Last Updated: Friday - 09/24/2010
Week of October 13, 2006
Canada not innocent in human trafficking
Italian nun says modern slavery strips a person of their self-respect, hope
Sr. Eugenia Bonetti
By DEBORAH GYAPONG
Canadian Catholic News
Human trafficking is a wide-spread social evil and no country is immune including Canada, says an Italian nun whose efforts in Italy have helped set 5,000 women free from the sex slave trade.
Human trafficking is "the new slavery of the 21st century," said Sister Eugenia Bonetti, who has coordinated anti-trafficking strategies in Rome and Turin.
She uses a team of 200 religious sisters who have opened their homes to young women fleeing captivity.
Sense of guilt
The modern slavery is far worse because it involves the "emptying of the dignity of the person," leaving the women with no hope, no life and a deep sense of guilt, even though they have been forced into prostitution, said Bonetti.
The globalized market for sexual exploitation has made all countries complicit in the trade as either countries of origin, transit or destination. "No country is safe. We are all included," she said.
The root cause in countries of origin is "utter poverty," lack of jobs and gender inequality, she said. Traffickers lure women through promises of jobs because they have no means for survival.
Women and children often cross several countries before they reach their country of destination. The huge profits and low risk make everyone from taxi cab drivers, immigration officials, hotel workers, airport security personnel, landlords and corrupt government officials complicit through cash incentives to turn a blind eye to the problem, she said. The Mafia and other forms of organized crime control the industry.
The root cause in destination countries is the consumer who exploits these women and children for their sexual gratification and sense of power.
"People think that because they can pay, they can buy the body of a minor human being," Bonetti said, criticizing the empty values and permissiveness of wealthy countries.
She also described trafficking as a "man problem" because as women in western countries have become more emancipated, men have resorted to sexual exploitation as a way of maintaining their sense of control. Many of the exploiters of minors are married men.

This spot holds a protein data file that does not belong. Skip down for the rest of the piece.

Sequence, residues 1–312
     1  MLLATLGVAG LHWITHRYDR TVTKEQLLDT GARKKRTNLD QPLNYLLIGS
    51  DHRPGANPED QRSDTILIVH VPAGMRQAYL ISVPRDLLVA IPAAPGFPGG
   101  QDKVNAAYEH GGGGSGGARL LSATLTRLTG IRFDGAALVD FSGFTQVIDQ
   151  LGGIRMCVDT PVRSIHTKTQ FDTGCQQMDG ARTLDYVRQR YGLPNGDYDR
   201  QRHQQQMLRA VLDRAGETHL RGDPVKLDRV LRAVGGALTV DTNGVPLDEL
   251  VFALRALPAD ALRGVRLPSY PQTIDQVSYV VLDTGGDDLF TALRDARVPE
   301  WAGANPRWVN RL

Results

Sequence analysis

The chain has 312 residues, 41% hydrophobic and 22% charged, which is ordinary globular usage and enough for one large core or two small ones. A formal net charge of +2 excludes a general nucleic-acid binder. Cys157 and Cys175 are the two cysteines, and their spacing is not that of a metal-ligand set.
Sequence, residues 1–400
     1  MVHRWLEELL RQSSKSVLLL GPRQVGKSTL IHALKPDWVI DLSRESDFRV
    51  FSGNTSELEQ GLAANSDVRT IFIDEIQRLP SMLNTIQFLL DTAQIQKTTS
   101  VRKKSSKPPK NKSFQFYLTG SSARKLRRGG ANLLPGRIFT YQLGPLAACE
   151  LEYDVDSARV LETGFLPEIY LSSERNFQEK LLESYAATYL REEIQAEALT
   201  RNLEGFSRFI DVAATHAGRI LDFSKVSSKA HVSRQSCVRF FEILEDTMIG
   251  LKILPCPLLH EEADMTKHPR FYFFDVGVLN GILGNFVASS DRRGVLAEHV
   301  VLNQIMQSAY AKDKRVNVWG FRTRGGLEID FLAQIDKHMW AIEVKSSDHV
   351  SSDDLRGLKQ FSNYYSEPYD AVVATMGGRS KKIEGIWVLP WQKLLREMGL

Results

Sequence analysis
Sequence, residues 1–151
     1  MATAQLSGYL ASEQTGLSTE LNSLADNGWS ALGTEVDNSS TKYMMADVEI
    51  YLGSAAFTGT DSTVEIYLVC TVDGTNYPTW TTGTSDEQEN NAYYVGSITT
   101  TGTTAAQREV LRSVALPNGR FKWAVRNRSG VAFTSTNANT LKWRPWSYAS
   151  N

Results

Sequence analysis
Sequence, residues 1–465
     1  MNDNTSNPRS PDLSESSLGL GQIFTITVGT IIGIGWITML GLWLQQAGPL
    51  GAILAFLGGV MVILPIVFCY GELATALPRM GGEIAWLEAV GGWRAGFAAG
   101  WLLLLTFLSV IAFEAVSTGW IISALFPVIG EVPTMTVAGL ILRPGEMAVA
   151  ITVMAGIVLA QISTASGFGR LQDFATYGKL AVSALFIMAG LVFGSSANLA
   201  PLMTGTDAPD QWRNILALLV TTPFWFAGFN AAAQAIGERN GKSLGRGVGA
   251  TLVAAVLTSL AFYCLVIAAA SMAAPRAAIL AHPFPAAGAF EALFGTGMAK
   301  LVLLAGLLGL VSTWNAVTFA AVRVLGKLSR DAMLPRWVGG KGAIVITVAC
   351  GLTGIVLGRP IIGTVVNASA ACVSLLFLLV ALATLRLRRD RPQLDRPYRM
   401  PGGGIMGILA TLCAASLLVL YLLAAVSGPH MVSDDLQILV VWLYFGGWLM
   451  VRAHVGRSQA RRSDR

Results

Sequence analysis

Bonetti painted a dire picture of Italy. She estimated some 500,000 women and children are trafficked yearly through European countries, with 50,000 to 70,000 ending up in Italy. "The streets in Italy are flooded with minors, very young girls," she said.
Most are women 14 to 18 years old, mainly from Romania, West Africa, Eastern Europe and Latin America.
Bonetti said the plight of Nigerian women is often the worst. African women are considered "second class" to those trafficked from Eastern Europe and earn 10-15 Euros for sexual transactions, while their white counterparts earn 25 Euros. Their problems are compounded by the use of Voodoo rituals on the girls to build fear and control.
Women who had once been trafficked themselves train the girls for their horrific lives on the streets. It might take more than 4,000 encounters for girls to pay off the 50,000 to 75,000 Euro "contracts" they owe the traffickers. In addition, they have to pay for food, shelter and clothing out of their earnings.
Bonetti told stories of several women who left Nigeria in hopes of finding work to help support their families back home. Most of them travelled in dangerous caravans across the Sahara desert where the heat, thirst and illness were described as "unbearable."
But some of their stories had happy endings. Through the efforts of religious sisters who took women into their homes, they were able to find a new life, despite their suffering and despair, she said.
Bonetti and other sisters have regularly gone onto the streets to meet with girls to persuade them that help is available. "We have ways of giving out phone numbers and addresses," she said, showing a city bus pass that has a help-line phone number on it.
Catholic religious are in a unique position to help trafficked women and children, she said.
"We are present all over the world. There is not a corner of the world where you don't find sisters." It is their "prophetic role" to help to defend and protect exploited women and children.
They also have "a bank account that never goes dry." "It's called divine providence," she said.
Though she noted it is difficult to provide exact statistics on the extent of the trade, the United Nations has estimated as many as four million are trafficked worldwide into indentured servitude or the slave trade.
According to an RCMP training film presented after Bonetti's talk, human trafficking generates revenue on a par with that of the illegal arms trade, coming second only to the drug trade.
Representatives from the RCMP's newly created Human Trafficking National Coordination Centre Immigration and Passport Branch also attended the meeting sponsored by the Canadian Religious Conference (CRC) and PACT Ottawa, a local volunteer committee.
The CRC, which represents 230 congregations of religious men and women in Canada, has made the eradication of human trafficking a top priority.
One of its initiatives has been the tour of a play Lost in Traffic. The CRC has more information about human trafficking at its website www.crc-canada.org.